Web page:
Finally, it has been previously proposed that licking motor patterns in adult mice may bear some resemblance to feeding patterns in human infants (Lever et al., 2015a), in which rhythmic sucks precede each swallow (suck/swallow cycles) (Gewolb et al., 2001; Lau, 2015). The age of Ts65Dn predominately studied here (5 months) also approaches the age at which biological indicators of adult-onset neurodegeneration and age-related memory and learning impairments appear in this model (Holtzman et al., 1996; Hyde and Crnic, 2001; Hunter et al., 2003). Intriguingly, increased swallow durations characterized by increased oral processing times and delays in swallow initiation have been reported to occur in dysphagia associated with Alzheimer’s disease in the general population (Lazenby, 2008). The fact that juvenile Ts65Dn have shown normal swallow rates (Glass and Connor, 2016), while adult Ts65Dn show significantly slower swallow rates than euploid controls, suggests an age-related or maturational component to the etiology of this swallowing phenotype. Therefore, the study of feeding and swallowing in adult Ts65Dn may be anticipated to have relevance to a broad range of chronological, developmental, and biological research questions involved in feeding challenges associated with DS.

Data Availability

The raw data supporting the conclusion of this manuscript will be made available by the authors, without undue reservation, to any qualified researcher.

Ethics Statement

All husbandry and experimental procedures involving live mice were carried out with approval from the University of Wisconsin School of Medicine and Public Health Animal Care and Use Committee (IACUC) and were conducted in accordance with the Guide for the Care and Use of Laboratory Animals (8th ed.).

Author Contributions

TG and NC conceived and designed the study, and contributed reagents, materials, and analysis tools. TG and LV performed the experiments and analyzed the data. TG performed the statistical analysis. All authors wrote and edited the manuscript.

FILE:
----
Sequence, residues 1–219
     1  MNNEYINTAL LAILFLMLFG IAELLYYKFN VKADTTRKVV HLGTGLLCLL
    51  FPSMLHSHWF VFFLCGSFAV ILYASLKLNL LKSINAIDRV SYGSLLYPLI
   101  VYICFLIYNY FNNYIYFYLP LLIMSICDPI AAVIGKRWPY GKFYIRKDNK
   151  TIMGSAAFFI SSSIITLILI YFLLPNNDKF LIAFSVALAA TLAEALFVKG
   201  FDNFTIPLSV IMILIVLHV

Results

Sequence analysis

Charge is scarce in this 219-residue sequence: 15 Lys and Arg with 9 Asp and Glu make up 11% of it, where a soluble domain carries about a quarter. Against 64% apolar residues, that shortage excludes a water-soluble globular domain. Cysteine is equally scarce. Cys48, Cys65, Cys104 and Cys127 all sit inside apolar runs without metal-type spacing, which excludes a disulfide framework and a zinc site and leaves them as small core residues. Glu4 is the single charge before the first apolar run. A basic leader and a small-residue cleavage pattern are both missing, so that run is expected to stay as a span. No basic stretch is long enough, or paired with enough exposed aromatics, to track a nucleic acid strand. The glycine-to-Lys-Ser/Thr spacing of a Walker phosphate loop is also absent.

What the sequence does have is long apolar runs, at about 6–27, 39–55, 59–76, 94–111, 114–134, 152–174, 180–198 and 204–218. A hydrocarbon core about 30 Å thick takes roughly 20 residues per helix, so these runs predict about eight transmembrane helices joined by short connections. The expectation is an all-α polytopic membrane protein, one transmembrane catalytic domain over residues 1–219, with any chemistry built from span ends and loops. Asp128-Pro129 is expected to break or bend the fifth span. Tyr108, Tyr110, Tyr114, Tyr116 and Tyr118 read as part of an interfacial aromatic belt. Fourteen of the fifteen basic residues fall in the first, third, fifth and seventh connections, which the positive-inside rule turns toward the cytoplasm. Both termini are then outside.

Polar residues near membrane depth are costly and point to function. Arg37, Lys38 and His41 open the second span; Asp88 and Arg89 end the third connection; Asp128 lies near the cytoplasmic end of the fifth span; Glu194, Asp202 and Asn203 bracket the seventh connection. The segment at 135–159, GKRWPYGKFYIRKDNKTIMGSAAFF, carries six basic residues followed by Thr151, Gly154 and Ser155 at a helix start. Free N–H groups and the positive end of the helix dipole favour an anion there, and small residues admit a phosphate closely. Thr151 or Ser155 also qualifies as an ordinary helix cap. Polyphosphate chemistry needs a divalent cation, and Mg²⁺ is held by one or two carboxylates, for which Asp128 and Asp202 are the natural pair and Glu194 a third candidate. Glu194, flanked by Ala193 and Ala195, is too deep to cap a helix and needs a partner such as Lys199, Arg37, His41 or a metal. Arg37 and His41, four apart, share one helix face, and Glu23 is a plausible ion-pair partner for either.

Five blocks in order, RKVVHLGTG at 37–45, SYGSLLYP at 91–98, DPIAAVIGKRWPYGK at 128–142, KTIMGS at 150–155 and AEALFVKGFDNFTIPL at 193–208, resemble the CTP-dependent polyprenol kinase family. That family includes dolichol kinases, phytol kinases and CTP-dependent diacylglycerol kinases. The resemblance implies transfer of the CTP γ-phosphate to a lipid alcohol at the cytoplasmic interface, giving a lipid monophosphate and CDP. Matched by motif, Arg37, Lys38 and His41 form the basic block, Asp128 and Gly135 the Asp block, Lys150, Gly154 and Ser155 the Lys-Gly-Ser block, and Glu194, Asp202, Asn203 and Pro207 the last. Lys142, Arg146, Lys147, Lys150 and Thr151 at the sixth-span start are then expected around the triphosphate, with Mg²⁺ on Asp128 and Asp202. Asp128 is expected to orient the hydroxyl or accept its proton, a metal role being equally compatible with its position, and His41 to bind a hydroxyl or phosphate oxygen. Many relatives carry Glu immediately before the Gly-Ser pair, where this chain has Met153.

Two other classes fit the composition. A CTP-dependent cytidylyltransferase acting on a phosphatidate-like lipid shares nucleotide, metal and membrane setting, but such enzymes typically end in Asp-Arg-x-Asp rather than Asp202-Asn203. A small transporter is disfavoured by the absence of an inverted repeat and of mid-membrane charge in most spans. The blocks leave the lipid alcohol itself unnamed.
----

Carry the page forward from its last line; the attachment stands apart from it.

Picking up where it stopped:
Conflict of Interest Statement

The authors declare that the research was conducted in the absence of any commercial or financial relationships that could be construed as a potential conflict of interest.


This work was supported by the National Institute on Deafness and Other Communication Disorders (NIDCD) F32 DC014885, R01 DC008149, R01 DC014358, and Jerome Lejeune Foundation, Agreement #1326 (URL:


The authors gratefully acknowledge the assistance of Dr. Alberto C. Costa and Melissa Stasko, Case Western Reserve University, who supplied initial breeding pairs of Dp(16)1Yey mice in the mixed background used to generate mice used in this research. The SC-71 and BF-F3 antibodies developed by S. Schiaffino were obtained from the Developmental Studies Hybridoma Bank, created by the NICHD of the NIH and maintained at Department of Biology, The University of Iowa, Iowa City, IA, United States.


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Keywords: deglutition, deglutition disorders, swallow, Down syndrome, mouse, VFSS, Ts65Dn, Dp(16)1Yey

Citation: Glass TJ, Valmadrid LCV and Connor NP (2019) The Adult Ts65Dn Mouse Model of Down Syndrome Shows Altered Swallow Function. Front. Neurosci. 13:906. doi: 10.3389/fnins.2019.00906

Received: 09 May 2019; Accepted: 13 August 2019;
Published: 29 August 2019.

Edited by:

Teresa Lever, University of Missouri, United States

Reviewed by:

Elisa L. Hill-Yardin, RMIT University, Australia
Makoto Inoue, Niigata University, Japan
Gaya Balasuriya, RMIT University, Australia, contributed to the review of EH-Y

Copyright © 2019 Glass, Valmadrid and Connor. This is an open-access article distributed under the terms of the Creative Commons Attribution License (CC BY). The use, distribution or reproduction in other forums is permitted, provided the original author(s) and the copyright owner(s) are credited and that the original publication in this journal is cited, in accordance with accepted academic practice. No use, distribution or reproduction is permitted which does not comply with these terms.

*Correspondence: Tiffany J. Glass,